Helen Mirren keeps popping up in my daily conversations and I am doing my best to resist this wave of Helen Fever. I had a strain of Helen Fever in 1995 (while sick with an actual fever and accompanied by marathons of Prime Suspect) so I felt this time around I was somewhat immune.
I love movies, and I am more than interested in politics. So it behooves me to think about the sizable overlap between the two. One of the things I love about political movies (and heck, political television shows, too) are the tropes they include and play to, especially as tropes reveal something about an era's ideology around politics. There's something different in the feel and mood, for example, in the original and remake of The Manchurian Candidate that goes to the heart of 1962's understanding of the Korean War and the just-after 9/11 tragedy zeitgeist's take on the first Gulf War, respectively, but both take on conspiracy theory and the presidency.
Whenever I am asked to name a film whose female actor's performance lifted me out of the recliner I immediately think of Angela Lansbury's chilling turn as Eleanor Iselin in the 1962 John Frankenheimer film The Manchurian Candidate. (Don't bother with the soggy 2004 remake, which is awful in every way imaginable) The Manchurian Candidate is a palate cleansing suspense thriller worlds away from Lansbury's sweet, meddling mystery writer J.B. Fletcher from Murder, She Wrote.
At some point between the release of 1996's Mission: Impossible and Jerry Maguire I discovered I could predict future Tom Cruise trends based on what I knew about his upcoming releases. Granted, I could not give pertinent details such as box office grosses or where he might holiday with his family, but I could predict things such as potential co-stars (I had Thandie Newton as his M:I2 co-star before I'd even left the screening of the first installment of the franchise) and general trends. I have always believed Cruise's persona was carefully constructed in a way that is much more sophisticated than many stars' audiences are used to. Personally, I don't think any incarnation of Cruise's persona is in fact representative of Cruise himself, but I do think they tend to represent areas of concern he opts to explore on screen.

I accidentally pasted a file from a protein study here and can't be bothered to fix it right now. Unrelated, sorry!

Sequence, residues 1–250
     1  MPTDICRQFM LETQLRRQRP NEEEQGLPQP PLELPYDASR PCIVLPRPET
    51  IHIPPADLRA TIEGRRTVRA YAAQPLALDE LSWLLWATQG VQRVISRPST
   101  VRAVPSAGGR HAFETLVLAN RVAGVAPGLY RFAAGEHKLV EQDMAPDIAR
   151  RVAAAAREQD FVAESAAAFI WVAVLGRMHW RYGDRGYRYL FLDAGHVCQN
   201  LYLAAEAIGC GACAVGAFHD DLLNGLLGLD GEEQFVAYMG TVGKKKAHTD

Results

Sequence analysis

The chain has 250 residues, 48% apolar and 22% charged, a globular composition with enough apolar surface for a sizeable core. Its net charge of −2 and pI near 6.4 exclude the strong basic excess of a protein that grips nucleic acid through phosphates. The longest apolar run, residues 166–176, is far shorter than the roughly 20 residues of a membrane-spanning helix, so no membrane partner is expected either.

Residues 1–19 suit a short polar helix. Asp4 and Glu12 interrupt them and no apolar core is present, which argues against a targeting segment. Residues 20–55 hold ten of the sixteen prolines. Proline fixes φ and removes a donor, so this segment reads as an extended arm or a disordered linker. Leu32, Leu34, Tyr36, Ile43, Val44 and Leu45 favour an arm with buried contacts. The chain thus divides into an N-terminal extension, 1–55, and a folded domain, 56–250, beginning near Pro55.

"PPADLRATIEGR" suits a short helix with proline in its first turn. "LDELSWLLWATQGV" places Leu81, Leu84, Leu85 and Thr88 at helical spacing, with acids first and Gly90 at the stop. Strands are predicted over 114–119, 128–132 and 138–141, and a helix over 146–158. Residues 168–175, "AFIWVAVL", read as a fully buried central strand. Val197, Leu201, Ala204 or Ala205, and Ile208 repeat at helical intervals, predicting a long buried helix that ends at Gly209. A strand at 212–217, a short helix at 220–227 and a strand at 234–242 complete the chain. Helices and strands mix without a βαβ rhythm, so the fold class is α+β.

The genesis of my cinema love affair can be traced to two films: The Wiz and Serpico, both directed by Sidney Lumet (father of Jenny and Amy Lumet and son-in-law of the incomparable Miss Lena Horne) Despite being two decidedly different films, they share a lineage and many visual stylistic elements, which tends to make a double-feature of them oddly harmonious.
I feel geeky admitting that each major crew member of The Wiz had a corresponding Cabbage Patch Doll, imaginary friend or personal effect named in their honor. My typewriter was named "Joel Schumacher", my Fisher-Price record player, "Quincy-Vandross," (of course!), and my Fisher-Price camera was named after trailblazing film editor and personal bad ass chick hero: "Dede Allen". Allen died this past April, leaving a legacy of iconic film imagery and countless imitators.
Hollywood seems to reserve a special hell for female actors who do not play nice, and the most enduring example–for me anyway–is Sean Young. Young's performance in the 1982 Ridley Scott sci-fi classic Blade Runner left an indelible impression on me as a teenager and even more so when I saw the first of many "director's cuts" theatrically.
Even though we're three feature films away from the conclusion of the Twilight film series (Eclipse premiers at the end of this month), there's already talk of what the adaptation of Breaking Dawn, the final book in the series that is being broken into two movies, is going to include...or more specifically leave out, namely Bella's bone-breaking, blood-soaked, and almost-lethal delivery of her vampire baby.
The remake of The Karate Kid surprised many Hollywood insiders–worn down by under-performing overly hyped films (Robin Hood, Sex and the City, Killers) and the audience's reluctance to shell out upwards of $17 for gimmicky 3D summer releases–by ringing up an impressive $56mil over the weekend.
2. Even female action stars must submit to the Makeover trope.
The trailer for the hotly anticipated Salt finds Angelina Jolie rocking the mess out of a pencil skirt and taupe heels, only later to revamp her exterior with some snug black clothes and Miss Clairol's bluest black. While it certainly makes sense for a person to alter their looks when being chased by the CIA, I'm not sure if why the trailer evoked films like Clueless, Pretty Woman and 13 Going on 30. More importantly, it's possible the audience can take for granted that Jolie has altered her appearance without being shown every detail of her transformation. The makeover trope is utilized for men, but often–even in action films–it's played for comedic effect. Harrison Ford might have grimaced his way through an application of Just for Men in 1996's The Fugitive, but it was clearly meant to be an amusing respite from all that heart pounding action. Yet Jolie's transformation feels like a rite of passage rather than a necessary element of survival.